Refried beans

I've been told, in various ways, that I need to develop a better relationship with beans. Since they are nutritious, tasty, and inexpensive, I listened carefully. First, a retired military leader who, along with his wife, cooks almost 90 percent of the recipes I send out told me that the black bean dressing was one of my few failures—he couldn't tell if it was really a dressing or not so he used it as a side dish. Then a rural food system expert, who butchers her own 400-pound hogs in a weekend to make salami and prosciutto, told me I should really use soaked dried beans instead of canned beans. A director of a big department that creates working relationships between different health care systems took a different approach. He simply hinted by giving me a bag of heirloom dried red beans to try. They were used for this week's recipe. Whenever there is time for forethought, the dried beans are the best choice. Heirloom beans are those varieties that have been around for centuries. Check out www.ranchogordo.com. It really isn't that hard to use the real thing. I never got them to the creamy consistency of refried beans in a can, but these were great garnished with avocado, non-fat sour cream, and chopped cilantro.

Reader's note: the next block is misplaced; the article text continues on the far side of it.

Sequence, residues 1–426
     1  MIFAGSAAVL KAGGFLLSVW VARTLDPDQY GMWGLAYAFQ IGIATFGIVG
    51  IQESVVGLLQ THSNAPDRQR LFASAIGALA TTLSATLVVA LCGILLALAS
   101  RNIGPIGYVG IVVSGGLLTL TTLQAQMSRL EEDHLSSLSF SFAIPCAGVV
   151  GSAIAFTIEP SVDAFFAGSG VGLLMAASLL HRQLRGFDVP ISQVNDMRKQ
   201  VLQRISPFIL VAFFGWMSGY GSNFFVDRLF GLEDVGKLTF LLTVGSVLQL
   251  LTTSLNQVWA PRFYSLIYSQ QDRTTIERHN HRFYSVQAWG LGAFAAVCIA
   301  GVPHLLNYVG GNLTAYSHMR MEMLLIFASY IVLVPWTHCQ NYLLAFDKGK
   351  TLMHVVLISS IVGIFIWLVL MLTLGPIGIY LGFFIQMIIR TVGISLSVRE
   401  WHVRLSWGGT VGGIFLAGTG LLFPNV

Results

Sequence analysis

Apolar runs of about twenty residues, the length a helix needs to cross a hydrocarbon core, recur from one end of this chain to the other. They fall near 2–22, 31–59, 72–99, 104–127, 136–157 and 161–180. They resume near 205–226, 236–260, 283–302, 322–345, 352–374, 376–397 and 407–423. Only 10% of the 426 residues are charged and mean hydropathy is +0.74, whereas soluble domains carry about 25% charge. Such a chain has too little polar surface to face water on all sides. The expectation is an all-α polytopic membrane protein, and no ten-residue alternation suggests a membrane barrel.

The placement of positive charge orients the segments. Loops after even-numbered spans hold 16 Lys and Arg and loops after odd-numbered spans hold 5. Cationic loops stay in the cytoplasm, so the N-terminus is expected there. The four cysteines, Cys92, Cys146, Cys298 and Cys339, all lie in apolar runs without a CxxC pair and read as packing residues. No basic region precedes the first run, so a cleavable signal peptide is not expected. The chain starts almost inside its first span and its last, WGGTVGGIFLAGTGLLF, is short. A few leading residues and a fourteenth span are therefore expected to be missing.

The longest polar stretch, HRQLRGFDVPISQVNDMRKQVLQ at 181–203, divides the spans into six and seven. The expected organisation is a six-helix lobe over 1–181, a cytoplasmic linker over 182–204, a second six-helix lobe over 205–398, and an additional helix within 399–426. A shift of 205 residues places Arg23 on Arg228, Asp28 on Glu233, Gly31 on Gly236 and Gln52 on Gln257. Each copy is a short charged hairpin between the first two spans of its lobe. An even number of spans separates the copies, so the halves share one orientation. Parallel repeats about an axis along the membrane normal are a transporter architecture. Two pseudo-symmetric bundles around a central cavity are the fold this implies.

Servings: 6

Ingredients

  • 1½ cups dried red pinto beans or red kidney beans
  • 2 tablespoons canola oil
  • 1 yellow onion, minced
  • 1 to 2 jalapeños, minced
  • 4 cloves garlic, minced
  • 1½ teaspoon dried oregano
  • 1 teaspoon ground cumin
  • 1 tomato, diced (tomatoes aren't in season—since I really wanted to use the beans I used a couple of canned plum tomatoes)
  • Salt and freshly ground pepper

Directions

Pick over the beans to get rid of stones. Place in a bowl and cover with water. Let soak at least three hours. Drain the beans. Place in a saucepan and cover them in water about 2 inches deep. Bring to a boil uncovered, then simmer for about an hour or until they are very tender and the skins are cracking open. This may take an hour. Drain them and RESERVE THE LIQUID. (The caps are a reminder—I have drained a whole soup pot of newly prepared turkey stock forgetting to capture the stock and watched it disappear down the drain.) In a large nonstick skillet, sauté the onion, jalapeño, garlic, oregano, and cumin in the oil until the onion is very soft. Add the beans and tomato. Mash the beans with a masher or wooden spoon. Add some of the reserved cooking liquid until the desired consistency is reached. Season the beans with salt and pepper to taste.

Nutrition Information (per serving)

Contributor

Preston Maring, MD

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